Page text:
At the very top of the northern tip of the Cotentin peninsula in French Normandy lies a small, fine campsite. And at the very top of its terraces there is a fabulous panorama. Admittedly, Cotentin does not sound as promising as Côte d'Azur. As a tourist destination, the peninsula in the north of France is also less well-known than the fashionable coastal strip in the south. But that has its advantages. The Cotentin is not overcrowded, has reasonable prices and friendly, open people who are happy to welcome visitors. What's more, it is varied, with magnificent nature and a healthy climate. It is a surprising land of discovery.
The peninsula makes it clear right from the start, so to speak, that it can play at the very top of the travel destinations: on the eastern continental shelf hangs the world-famous tapestry in the Bayeux Museum, which shows the conquest of Great Britain by William in 1066; it has been a UNESCO World Documentary Heritage Site since 2007. The famous Mont Saint Michel, a monastery island inhabited by monks since 1022 and accessible for centuries only by boat or at low tide, is enthroned on the western continental shelf. The abbey has been a UNESCO World Heritage Site since 1979. Between these two heavyweights of cultural history, the peninsula advances about 100 kilometres northwest into the English Channel, towards the harbour town of Cherbourg. This port opens up excursions to the Channel Islands as well as ferry services to England or Ireland. Directly behind the outskirts of Cherbourg, which look like anywhere else with car repair shops, supermarkets and furniture stores, a string of pearls of small fishing villages begins along a picturesque coastal road leading around the bays. Some of them grew into modest seaside resorts in the Belle Epoche, but soon sank back into sedate slumber. This exudes a serene cosiness, which is supported by the neatly renovated cottages and the lovingly tended gardens. Perhaps it is appropriate to point out at this point that the journey to the far north of France is quite easy: up to Caen on the motorway, then on the partly four-lane, everywhere well-developed national road 13, only the last ten kilometres have to be covered from Cherbourg on the aforementioned coastal road until you arrive at the campsite. These ten kilometres are always wide enough for large motorhomes, but you should be prepared for martial speed bumps in the small towns.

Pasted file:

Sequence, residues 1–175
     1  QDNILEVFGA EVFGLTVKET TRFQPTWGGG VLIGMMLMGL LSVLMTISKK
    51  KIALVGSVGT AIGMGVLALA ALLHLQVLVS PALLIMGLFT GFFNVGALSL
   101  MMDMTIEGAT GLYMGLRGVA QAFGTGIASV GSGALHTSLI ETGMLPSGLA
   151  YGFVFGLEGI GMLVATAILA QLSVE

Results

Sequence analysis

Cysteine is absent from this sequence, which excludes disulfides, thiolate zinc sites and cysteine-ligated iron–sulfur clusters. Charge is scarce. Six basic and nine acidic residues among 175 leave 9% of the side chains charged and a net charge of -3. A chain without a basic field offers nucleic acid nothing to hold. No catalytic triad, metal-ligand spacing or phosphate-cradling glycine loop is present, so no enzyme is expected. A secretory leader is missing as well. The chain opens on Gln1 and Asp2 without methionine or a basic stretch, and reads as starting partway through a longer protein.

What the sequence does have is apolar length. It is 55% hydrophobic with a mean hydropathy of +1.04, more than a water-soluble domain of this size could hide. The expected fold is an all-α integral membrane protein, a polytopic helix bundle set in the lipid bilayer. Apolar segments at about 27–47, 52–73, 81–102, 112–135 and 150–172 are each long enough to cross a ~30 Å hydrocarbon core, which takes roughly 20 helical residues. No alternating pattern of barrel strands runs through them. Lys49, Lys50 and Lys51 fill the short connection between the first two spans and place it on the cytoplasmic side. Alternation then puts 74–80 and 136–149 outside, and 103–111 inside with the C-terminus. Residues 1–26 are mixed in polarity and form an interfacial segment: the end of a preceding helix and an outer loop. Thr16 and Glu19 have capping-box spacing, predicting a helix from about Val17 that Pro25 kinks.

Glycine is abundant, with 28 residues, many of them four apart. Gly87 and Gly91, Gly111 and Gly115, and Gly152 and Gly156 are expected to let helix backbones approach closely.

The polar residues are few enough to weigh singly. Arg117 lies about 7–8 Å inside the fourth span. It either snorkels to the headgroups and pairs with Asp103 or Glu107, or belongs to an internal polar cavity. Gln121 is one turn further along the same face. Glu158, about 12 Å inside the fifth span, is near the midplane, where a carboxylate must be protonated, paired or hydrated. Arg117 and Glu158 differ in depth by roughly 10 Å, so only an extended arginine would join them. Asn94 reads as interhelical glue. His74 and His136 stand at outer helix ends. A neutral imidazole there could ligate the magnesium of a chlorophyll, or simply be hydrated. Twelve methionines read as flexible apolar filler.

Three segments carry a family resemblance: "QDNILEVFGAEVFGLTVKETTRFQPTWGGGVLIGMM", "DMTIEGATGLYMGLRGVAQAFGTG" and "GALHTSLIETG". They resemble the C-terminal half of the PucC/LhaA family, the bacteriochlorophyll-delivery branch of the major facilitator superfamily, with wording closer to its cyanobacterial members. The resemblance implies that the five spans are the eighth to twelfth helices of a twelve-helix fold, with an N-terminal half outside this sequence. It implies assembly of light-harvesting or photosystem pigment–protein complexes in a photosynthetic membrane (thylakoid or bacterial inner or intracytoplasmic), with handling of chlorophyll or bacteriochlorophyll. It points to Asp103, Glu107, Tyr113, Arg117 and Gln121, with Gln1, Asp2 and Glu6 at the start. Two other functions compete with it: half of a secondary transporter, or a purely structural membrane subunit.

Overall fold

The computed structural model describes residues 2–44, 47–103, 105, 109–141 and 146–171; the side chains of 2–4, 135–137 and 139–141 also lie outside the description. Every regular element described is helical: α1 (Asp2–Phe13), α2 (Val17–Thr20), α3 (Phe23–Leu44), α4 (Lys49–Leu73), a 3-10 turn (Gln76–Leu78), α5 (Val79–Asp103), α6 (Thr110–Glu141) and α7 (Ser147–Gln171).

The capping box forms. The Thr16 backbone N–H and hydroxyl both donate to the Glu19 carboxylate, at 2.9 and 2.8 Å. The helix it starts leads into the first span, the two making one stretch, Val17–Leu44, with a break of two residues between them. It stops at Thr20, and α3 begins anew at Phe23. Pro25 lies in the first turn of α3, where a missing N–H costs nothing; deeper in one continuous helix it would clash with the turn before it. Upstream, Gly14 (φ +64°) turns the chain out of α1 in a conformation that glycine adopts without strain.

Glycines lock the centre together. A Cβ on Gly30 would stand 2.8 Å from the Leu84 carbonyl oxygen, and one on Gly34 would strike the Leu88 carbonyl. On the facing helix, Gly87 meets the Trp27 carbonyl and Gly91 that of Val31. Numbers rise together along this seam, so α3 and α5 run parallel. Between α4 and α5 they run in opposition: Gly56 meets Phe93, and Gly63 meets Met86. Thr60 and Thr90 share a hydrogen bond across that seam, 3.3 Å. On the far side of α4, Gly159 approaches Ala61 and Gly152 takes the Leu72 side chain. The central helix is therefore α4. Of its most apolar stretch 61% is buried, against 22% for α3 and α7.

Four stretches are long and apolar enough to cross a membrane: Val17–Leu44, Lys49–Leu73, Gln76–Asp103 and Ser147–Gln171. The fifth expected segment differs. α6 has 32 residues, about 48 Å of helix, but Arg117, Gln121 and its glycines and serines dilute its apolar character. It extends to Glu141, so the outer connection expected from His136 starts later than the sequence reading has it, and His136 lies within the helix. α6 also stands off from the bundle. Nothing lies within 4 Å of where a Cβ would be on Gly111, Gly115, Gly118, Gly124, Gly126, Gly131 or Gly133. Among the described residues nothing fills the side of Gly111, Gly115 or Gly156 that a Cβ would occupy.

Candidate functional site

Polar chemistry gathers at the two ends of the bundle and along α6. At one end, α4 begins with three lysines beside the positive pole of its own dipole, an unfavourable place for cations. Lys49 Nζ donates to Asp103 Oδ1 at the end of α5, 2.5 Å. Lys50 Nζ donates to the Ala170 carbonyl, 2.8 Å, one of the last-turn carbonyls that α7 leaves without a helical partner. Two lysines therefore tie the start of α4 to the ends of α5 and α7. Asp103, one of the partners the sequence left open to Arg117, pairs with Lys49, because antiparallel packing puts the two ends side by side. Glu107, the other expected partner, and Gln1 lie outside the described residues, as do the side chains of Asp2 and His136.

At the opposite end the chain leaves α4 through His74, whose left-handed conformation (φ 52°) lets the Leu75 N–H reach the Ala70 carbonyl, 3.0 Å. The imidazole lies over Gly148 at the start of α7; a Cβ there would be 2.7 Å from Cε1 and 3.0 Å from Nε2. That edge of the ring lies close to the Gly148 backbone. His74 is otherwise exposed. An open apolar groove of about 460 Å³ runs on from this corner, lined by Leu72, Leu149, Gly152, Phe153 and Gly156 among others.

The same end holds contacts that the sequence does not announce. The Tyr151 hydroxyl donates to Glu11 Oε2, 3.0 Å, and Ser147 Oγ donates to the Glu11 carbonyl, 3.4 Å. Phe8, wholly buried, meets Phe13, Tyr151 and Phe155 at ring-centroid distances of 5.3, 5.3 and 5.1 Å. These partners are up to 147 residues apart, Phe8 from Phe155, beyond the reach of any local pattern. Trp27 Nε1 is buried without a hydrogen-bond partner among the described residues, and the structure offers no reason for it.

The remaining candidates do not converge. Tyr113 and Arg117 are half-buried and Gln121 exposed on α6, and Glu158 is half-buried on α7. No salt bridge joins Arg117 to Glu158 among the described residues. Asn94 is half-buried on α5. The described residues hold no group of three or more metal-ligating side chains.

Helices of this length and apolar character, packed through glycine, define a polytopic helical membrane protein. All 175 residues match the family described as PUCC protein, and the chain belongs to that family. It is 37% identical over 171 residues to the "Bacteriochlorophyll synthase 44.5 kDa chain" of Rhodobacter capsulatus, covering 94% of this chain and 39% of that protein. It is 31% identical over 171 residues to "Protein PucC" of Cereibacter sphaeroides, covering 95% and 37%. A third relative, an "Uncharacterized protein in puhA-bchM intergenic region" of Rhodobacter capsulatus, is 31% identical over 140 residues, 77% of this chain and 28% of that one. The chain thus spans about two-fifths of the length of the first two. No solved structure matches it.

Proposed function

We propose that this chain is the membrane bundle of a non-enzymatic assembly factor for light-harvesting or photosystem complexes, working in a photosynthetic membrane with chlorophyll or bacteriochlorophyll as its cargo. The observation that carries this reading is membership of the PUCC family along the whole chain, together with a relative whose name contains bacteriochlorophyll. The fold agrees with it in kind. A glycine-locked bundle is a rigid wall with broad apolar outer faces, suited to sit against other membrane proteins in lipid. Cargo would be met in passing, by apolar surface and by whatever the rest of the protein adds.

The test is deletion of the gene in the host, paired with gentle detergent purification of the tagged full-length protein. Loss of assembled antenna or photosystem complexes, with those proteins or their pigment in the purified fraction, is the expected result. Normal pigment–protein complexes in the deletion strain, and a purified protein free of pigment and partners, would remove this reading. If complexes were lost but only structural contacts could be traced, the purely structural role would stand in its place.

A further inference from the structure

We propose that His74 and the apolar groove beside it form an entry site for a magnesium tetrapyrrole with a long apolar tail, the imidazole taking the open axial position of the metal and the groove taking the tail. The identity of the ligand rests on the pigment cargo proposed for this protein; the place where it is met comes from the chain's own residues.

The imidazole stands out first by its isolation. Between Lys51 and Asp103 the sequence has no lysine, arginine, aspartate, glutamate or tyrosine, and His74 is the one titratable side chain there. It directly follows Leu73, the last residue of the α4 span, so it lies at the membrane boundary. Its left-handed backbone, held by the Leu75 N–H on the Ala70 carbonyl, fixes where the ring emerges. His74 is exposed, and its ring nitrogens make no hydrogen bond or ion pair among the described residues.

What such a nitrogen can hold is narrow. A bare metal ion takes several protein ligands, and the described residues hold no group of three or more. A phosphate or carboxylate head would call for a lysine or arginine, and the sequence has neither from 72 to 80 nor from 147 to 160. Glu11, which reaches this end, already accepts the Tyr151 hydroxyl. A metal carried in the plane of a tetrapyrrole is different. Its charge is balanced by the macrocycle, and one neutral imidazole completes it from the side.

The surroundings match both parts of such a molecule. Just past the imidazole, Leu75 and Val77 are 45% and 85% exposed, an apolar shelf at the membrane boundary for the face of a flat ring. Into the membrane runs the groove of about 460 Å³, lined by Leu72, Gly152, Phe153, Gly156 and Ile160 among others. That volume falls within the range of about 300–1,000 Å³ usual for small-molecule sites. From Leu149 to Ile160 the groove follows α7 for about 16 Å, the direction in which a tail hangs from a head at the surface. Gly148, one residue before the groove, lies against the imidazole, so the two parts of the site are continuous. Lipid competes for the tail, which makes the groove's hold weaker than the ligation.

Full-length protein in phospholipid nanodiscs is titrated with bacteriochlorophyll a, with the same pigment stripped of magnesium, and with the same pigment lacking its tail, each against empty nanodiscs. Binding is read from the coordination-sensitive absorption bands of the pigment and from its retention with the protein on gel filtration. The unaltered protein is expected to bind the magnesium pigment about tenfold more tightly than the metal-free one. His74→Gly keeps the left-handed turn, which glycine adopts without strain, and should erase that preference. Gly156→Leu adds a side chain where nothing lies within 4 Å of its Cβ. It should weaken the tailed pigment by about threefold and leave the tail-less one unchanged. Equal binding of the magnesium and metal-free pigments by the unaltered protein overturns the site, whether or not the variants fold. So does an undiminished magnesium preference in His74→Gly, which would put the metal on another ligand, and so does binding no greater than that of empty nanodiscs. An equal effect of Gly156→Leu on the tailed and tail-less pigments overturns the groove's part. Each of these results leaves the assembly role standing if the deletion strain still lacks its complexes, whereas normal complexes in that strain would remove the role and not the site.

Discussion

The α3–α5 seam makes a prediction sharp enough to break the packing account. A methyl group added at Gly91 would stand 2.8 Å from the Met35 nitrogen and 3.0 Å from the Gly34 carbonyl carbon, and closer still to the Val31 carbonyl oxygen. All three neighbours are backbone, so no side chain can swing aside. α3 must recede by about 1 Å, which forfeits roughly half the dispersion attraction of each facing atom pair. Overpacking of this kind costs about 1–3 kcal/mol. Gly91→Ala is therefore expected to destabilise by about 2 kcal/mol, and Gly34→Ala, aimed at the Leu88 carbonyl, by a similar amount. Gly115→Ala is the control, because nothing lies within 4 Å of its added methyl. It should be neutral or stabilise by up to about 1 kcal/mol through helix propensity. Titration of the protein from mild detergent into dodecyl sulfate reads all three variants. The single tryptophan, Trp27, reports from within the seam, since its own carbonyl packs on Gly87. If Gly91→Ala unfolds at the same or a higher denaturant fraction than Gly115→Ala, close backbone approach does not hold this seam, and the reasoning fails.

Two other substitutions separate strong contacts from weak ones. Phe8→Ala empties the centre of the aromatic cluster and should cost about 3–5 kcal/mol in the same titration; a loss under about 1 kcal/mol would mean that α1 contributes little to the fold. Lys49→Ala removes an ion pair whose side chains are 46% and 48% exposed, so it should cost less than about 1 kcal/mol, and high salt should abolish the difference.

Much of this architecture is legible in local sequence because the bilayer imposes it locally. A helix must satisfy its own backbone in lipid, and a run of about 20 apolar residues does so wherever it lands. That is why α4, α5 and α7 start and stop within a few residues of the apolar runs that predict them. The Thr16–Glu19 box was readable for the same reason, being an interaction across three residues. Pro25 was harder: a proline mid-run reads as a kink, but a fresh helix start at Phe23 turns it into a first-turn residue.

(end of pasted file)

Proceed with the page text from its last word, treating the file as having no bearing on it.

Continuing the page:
After another bend, turn right off the road, up a steep driveway and there you are: Camping L'Anse du Brick is made for nature-loving, active holidaymakers who prefer somewhat smaller campsites to large resorts. The campsite is built into a quarry that was abandoned long ago and has become lush with vegetation over the years. This results in high rising terraces with large pitches and unobstructed views of a beautiful bay with sandy beach on each floor. This bay can be reached directly from the site via a private footbridge. In the eastern part, the campsite merges into a nature-protected forest with a stream. In spite of all the nature around, comfort is by no means neglected: luxury plots with private sanitary facilities are available as well as an indoor and outdoor swimming pool appropriate to the size of the site, a simple restaurant and a restaurant with upscale cuisine. Camping is in the foreground; by French standards, there are only a few rental accommodations. Heated sanitary facilities take into account the long opening period from Easter to autumn and the often fresh wind. After all, we are in the Cotentin and not on the Côte d'Azur.
Camping de L’Anse du Bric
18 Anse du Brick
Tel.: +33 (0)2 33 54 33 57
Facts & figures
- 179 pitches up to 180 sqm, some with all connections, some with private sanitary facilities.
- 46 different rental accommodations from glamping tents to masonry villas
- Heated outdoor and indoor pool, water slide, whirlpool
- Animation for children and adults
- Multi-sports field, tennis, BMX track, kettle car track, bicycle rental, sea kayak, surfboard rental
- Nearby: Golf course, boat hire
- 2 restaurants, bar, self-service mini-market
- Sandy beach in the bay, direct access in forest
- Dogs welcome
- W-LAN in the entire complex, but poor radio network reception due to the topography.